The airline will operate a reduced schedule over the next six months.
There will be changes to some flights, where there will be 1.5 percent fewer seats than originally planned.
For domestic travellers whose flights are shifted, they will most likely be transferred to another one on the same day, and for international travellers, it will likely be either the same day or plus or minus a day from their original booking.
If travellers' flights could not be rearranged within these timeframes, customers could change their booking online, opt into credit or request a refund, the airline said.
If you have booked through a travel agent, you will need to contact them if changes are needed, or to request a refund if eligible.
It had been a challenging five weeks, with sickness and bad weather having a big impact on the airline, chief executive Greg Foran told Morning Report.
"We really want to avoid getting ourselves into a situation, particularly around Christmas time, of not being able to get people where they need to get to," Foran said.
While domestic travellers will be refunded if the are unable to travel on the same day, Foran said someone whose original flight was in the morning could not get a refund if, for example, they are rescheduled for an evening flight on the same day.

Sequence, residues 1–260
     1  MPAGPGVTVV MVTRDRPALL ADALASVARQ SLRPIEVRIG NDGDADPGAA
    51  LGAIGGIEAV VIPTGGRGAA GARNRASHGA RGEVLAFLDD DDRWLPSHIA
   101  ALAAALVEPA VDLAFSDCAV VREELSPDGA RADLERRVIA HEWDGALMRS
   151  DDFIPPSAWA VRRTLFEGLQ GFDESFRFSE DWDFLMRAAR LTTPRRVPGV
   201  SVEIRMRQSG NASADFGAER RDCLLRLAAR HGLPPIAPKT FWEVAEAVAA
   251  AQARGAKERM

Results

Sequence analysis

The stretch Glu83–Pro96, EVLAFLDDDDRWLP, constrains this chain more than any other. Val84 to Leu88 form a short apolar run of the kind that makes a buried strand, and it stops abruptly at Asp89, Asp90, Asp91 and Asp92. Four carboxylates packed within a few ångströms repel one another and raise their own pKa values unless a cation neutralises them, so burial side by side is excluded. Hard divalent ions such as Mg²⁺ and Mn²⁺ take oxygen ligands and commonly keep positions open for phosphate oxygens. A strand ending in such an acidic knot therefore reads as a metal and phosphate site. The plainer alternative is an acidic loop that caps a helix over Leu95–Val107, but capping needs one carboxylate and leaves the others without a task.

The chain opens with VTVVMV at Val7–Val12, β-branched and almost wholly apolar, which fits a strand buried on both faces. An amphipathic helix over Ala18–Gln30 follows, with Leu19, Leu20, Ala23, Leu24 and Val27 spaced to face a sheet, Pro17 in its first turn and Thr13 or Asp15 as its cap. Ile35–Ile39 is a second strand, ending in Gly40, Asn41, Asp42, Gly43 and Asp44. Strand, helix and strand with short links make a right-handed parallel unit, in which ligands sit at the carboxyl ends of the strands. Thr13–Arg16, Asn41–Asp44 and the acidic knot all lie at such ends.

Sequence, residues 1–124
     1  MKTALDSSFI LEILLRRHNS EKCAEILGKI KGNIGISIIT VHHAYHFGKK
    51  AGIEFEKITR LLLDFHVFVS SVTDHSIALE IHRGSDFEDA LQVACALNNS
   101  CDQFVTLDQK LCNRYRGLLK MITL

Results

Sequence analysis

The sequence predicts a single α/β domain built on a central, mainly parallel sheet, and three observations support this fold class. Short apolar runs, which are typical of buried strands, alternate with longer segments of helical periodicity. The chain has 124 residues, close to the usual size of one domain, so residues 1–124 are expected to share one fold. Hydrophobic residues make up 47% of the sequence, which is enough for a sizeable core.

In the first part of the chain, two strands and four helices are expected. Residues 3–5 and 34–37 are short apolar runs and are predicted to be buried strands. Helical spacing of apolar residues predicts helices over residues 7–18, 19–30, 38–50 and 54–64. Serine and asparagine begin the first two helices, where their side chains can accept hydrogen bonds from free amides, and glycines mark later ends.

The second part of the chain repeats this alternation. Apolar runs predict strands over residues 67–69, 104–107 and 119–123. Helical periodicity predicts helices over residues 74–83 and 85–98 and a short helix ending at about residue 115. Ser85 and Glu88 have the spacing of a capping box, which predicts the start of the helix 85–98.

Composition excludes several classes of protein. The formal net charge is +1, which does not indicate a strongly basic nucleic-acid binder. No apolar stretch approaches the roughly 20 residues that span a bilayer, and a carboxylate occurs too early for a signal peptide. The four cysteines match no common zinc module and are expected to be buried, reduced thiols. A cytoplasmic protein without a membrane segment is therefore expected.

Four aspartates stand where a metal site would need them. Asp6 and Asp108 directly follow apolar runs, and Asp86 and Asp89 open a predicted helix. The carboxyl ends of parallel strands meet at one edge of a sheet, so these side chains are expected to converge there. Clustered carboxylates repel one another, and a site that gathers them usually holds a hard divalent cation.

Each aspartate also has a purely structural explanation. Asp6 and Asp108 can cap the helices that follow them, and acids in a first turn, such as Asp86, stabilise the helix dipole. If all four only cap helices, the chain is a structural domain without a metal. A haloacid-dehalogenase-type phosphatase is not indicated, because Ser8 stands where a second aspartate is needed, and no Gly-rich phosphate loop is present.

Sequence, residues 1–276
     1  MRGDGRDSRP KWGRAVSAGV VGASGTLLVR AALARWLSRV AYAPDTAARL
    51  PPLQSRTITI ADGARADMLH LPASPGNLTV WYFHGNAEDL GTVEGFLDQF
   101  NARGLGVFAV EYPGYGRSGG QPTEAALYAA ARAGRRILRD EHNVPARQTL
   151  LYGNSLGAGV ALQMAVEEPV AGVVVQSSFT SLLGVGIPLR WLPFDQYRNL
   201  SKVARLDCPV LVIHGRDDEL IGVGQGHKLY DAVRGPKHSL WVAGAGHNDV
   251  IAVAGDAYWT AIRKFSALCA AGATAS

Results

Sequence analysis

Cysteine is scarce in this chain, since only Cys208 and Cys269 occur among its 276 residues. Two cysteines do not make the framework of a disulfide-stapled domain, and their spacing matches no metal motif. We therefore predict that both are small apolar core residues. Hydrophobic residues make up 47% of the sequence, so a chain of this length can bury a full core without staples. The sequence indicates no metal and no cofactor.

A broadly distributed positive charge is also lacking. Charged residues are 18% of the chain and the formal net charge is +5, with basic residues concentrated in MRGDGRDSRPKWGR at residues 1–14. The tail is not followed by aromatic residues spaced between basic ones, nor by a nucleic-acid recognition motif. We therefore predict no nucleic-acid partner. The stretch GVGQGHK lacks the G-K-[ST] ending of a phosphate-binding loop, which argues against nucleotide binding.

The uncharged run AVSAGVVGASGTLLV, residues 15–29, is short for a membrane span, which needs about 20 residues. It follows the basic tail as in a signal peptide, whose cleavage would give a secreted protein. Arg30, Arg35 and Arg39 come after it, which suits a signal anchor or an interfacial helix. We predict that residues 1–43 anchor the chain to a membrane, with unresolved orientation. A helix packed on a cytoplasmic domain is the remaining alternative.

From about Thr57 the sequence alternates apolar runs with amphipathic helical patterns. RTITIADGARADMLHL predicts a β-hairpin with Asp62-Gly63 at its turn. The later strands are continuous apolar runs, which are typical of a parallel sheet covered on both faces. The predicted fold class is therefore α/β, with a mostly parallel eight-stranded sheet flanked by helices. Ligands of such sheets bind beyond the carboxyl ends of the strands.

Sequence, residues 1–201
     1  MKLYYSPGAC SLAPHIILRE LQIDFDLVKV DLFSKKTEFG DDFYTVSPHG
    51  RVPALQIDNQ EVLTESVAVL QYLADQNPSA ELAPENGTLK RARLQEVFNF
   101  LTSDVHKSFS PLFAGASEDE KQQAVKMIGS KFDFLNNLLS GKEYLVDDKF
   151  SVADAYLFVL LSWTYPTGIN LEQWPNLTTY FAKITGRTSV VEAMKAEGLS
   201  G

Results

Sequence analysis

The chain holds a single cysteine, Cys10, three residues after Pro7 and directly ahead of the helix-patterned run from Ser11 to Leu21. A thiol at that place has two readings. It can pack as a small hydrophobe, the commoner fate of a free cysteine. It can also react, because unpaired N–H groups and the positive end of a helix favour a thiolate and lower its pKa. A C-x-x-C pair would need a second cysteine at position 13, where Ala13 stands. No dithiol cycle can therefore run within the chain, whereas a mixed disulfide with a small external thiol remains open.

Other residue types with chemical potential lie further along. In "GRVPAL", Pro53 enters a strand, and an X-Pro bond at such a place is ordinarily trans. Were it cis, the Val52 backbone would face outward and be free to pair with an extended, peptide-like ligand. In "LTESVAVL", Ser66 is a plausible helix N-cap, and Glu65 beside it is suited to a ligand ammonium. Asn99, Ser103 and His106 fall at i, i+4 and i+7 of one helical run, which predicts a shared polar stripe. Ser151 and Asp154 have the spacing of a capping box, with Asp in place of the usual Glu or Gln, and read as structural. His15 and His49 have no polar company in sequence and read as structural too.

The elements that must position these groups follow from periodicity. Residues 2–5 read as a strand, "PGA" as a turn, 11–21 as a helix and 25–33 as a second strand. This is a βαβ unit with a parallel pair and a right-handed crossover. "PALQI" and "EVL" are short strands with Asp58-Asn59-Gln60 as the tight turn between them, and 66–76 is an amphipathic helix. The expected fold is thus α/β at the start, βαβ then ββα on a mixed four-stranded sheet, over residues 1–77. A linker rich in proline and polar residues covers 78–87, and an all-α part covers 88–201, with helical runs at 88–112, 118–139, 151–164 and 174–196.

Those with further onward connections may also be disrupted and Air NZ said it would be working directly with impacted customers.
The airline had ramped up call centre staffing to be able to assist with some of the connections and wait times had come down, he said.
Foran earlier said in a statement that by reducing the number of flights, the airline would be able to have crew on standby to cover illness, which had not been possible lately.
This announcement would help give customers a heads up to manage their travel plans accordingly, he said.
"Looking at the disruptions our customers and staff have faced over the past five weeks, we've made some adjustments to reduce short notice cancellations in the months ahead."
Crew sickness rates had been the highest in over a decade and they were stretched to capacity, Foran said.
"We see those challenges continuing not just for crew, but for our whole operation, so are making proactive changes to address them."
More than 2000 pilots, airport staff, cabin crew, engineers had been rehired or employed, he said.
"We're also exploring options to lease a crewed widebody aircraft for the busy summer period."
Air New Zealand plans to be operating at 90 percent of pre-Covid capacity for the next six months in its domestic and international schedules.
Foran said over the past two and a half years in his role he had learnt to "always be ready for the next side swipe in aviation".
"[It's] very hard to predict what's going to happen with Covid, very hard to predict sickness rates overall, but what we can do and are doing is building some more insurance in so that I have more confidence with these actions by just tweaking the system a bit here, then I would if we didn't tweak the system."
Last month, the culmination of school holidays and winter illness caused travel disruptions across the country.